John had, by now, been promoted to the rank of Company Sergeant Major. Along with his comrades, he was on active duty on 1 July 1916, the first day of the Battle of the Somme. On this day, 1,644 Northumberland Fusiliers were among 19,240 British soldiers who died in just a few hours.

John was among the survivors. But a citation in the ‘London Gazette’ some months later, gave some indication of his bravery:

 ‘For conspicuous gallantry in action.  He led his platoon with great courage and determination, himself accounting for many of the enemy. Later he dressed 13 wounded men under fire.’

Just over a year after that tragic day, John Weldon was given a ‘Hero’s Reception’ at the Newcastle Commercial Exchange (The Guildhall) on the Quayside in honour of his being awarded the Distinguished Conduct Medal.

The Sheriff  of Newcastle, Arthur A Munro Sutherland reported that Weldon’s company went over the top at 07:30am and when all the officers were out of action, he took charge of the company. He did not return to the trenches until 10:45pm after lying out in ‘No Mans Land’ under continuous heavy fire. He was known to have killed or wounded 29 Germans. His rifle was twice shot out of his hands. At a later stage in the afternoon he crawled from shell hole to shell hole and was able to collect 15 badly wounded men and get them back to the British trenches.

Death of a Hero

John soon returned to the front. But on 22 September 1917 CSM John Weldon DCM was reported wounded and he died the following day at the 14th Hospital at Wimereux, aged 32. He is buried in the Communal Cemetery there.

Northumberland Fusiliers Museum and archive now has John Weldon’s Distinguished Conduct Medal in its collection and he is listed in ‘Historical Records of the 16th (Services) Battalion Northumberland Fusiliers’ by Captain C H Cooke MC for the Council of the Newcastle and Gateshead Incorporated Chamber of Commerce, The Guildhall, Newcastle, published in 1923. He is also mentioned on the war memorial of Nedderton Council School, Northumberland where he had been a pupil. Locally, he was among the 950 servicemen listed on the St Mark’s Church, Byker war memorial (now Newcastle Climbing Centre) but the whereabouts of this memorial is currently unknown.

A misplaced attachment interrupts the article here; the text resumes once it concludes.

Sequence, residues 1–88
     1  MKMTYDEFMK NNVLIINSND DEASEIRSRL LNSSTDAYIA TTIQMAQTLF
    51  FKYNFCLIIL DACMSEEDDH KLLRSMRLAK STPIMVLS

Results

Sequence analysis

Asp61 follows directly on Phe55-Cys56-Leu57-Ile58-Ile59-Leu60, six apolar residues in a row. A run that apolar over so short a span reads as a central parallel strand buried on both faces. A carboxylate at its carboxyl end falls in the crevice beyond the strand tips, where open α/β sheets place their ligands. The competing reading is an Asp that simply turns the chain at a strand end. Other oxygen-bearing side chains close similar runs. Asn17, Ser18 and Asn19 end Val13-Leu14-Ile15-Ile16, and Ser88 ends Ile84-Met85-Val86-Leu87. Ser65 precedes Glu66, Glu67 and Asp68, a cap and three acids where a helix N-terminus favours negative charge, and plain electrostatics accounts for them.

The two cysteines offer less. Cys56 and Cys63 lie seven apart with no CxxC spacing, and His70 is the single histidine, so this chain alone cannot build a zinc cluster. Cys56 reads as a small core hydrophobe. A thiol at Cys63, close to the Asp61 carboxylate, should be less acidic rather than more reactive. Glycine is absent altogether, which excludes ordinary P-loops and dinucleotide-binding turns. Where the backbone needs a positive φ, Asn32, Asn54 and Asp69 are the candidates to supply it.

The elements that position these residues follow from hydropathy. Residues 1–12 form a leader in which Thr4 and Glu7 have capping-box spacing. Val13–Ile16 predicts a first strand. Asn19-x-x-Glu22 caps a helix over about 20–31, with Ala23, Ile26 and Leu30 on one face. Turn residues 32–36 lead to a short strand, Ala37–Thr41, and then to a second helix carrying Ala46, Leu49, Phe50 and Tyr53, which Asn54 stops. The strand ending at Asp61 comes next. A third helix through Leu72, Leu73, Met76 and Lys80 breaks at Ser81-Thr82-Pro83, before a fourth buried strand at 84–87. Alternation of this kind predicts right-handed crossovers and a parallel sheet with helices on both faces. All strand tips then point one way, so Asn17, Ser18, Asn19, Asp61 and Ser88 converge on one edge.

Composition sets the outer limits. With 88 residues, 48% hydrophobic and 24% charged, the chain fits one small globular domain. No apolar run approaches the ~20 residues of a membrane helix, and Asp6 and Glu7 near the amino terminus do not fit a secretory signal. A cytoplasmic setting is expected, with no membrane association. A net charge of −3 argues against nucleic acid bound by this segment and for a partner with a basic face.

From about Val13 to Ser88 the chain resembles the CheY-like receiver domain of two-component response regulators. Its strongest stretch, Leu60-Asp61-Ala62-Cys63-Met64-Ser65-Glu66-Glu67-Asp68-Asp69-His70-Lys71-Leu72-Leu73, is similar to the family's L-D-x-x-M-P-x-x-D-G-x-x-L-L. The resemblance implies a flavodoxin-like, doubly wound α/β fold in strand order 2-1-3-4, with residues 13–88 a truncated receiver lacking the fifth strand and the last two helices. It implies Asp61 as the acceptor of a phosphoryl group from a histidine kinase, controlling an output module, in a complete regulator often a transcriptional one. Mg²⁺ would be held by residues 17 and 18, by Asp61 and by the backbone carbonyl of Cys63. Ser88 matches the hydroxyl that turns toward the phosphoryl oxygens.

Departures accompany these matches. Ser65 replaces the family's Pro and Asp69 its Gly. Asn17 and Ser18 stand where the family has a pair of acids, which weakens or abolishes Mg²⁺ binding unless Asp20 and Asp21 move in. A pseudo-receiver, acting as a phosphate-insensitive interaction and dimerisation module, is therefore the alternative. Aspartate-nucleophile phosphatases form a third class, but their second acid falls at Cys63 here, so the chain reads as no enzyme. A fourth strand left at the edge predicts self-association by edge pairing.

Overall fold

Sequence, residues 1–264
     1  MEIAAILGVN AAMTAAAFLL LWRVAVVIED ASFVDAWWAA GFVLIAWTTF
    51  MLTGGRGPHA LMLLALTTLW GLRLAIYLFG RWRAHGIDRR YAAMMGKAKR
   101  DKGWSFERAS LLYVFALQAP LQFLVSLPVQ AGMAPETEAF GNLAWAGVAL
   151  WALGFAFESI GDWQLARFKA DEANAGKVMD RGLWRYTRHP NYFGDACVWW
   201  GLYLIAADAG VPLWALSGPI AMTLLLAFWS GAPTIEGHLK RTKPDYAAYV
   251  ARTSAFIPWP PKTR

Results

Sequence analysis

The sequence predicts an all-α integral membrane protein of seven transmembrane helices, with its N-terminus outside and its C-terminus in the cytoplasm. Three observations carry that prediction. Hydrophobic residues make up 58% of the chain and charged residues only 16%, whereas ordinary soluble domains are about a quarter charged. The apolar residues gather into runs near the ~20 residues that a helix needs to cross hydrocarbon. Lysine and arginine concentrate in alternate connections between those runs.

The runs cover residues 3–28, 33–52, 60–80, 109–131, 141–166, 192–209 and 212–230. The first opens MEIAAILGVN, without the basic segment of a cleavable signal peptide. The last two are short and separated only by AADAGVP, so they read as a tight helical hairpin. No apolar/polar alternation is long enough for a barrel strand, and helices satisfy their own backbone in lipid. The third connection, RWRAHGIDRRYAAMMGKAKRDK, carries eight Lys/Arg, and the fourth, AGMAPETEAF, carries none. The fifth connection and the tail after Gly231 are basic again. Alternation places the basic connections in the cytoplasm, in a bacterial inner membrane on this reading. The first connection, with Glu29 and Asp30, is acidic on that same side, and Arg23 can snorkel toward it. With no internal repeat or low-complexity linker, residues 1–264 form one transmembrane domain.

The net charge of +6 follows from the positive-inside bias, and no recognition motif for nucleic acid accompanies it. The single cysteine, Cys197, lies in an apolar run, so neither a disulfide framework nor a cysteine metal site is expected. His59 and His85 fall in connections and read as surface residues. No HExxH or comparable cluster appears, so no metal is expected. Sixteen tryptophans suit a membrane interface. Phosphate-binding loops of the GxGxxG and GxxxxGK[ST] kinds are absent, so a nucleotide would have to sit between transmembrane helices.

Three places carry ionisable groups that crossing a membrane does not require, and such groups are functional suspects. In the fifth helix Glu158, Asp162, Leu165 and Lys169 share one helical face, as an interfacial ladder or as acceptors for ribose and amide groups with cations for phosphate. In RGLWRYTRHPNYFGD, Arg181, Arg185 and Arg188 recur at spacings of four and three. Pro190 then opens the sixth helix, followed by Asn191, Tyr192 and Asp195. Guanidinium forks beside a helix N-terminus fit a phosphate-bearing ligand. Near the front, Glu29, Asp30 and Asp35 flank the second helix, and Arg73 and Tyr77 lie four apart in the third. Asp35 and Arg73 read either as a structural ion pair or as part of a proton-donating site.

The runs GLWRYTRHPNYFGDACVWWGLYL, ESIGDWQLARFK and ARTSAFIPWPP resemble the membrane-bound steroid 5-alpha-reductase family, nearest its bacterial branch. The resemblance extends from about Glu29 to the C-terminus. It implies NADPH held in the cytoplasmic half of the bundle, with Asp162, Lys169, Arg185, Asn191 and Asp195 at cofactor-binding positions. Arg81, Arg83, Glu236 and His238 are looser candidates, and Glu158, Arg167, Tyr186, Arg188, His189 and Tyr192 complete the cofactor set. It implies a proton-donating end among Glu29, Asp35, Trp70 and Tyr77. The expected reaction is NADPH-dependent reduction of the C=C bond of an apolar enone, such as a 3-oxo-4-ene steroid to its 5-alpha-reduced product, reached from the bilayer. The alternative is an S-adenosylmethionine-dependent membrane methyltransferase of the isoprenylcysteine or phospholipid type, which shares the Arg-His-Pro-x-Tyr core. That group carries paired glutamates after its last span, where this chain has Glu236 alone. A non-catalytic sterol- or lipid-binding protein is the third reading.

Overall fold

On 23 September 2017, a hundred years after his death, on a still, sunny autumn morning by the River Tyne, about fifteen regimental representatives, including flag bearers and two buglers, along with members of the general public remembered the bravery of CSM John Weldon DCM. Ian Johnson, the local WWI historian, was the wreath layer, in the absence of John Weldon’s great-great nephew George Patterson, who unfortunately was unable to attend.

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A page from the pamphlet produced for the centenary of John Weldon’s death

Ian Johnson, author of ‘Newcastle Battalion World War One’ and Arthur Andrews of Heaton History Group, who has researched the life of CSM John Weldon, at the ceremony.

You can read more and see more photographs relating to CSM John Weldon DCM here.

Private Edward Lawson VC and Company Sergeant John Weldon DCM, Heaton remembers you.

The Stroud Family of Cresta

274 Heaton Road is one of Heaton’s more substantial Victorian villas, also known as Cresta. The first recorded conveyance of the house is 1902 and it seems likely that the first residents were the Stroud family, Professor Dr Henry Stroud, his wife Eva Mary Antoinette Stroud and their three children, Irene Elizabeth, Bessie Vera and Henry Clifford. All fairly unremarkable, except that in one house we have a man who was professor of physics at the age of 26 and a close research collaborator and personal friend of Lord Armstrong; a world war one war hero and early aviator; a Red Cross volunteer in WW1 and a possible member of the peerage.

Henry Stroud was born in Bristol in 1862, the second of three children to John and Mary Stroud. John was a pharmaceutical chemist and as well as his family had two apprentices and a servant living in his home.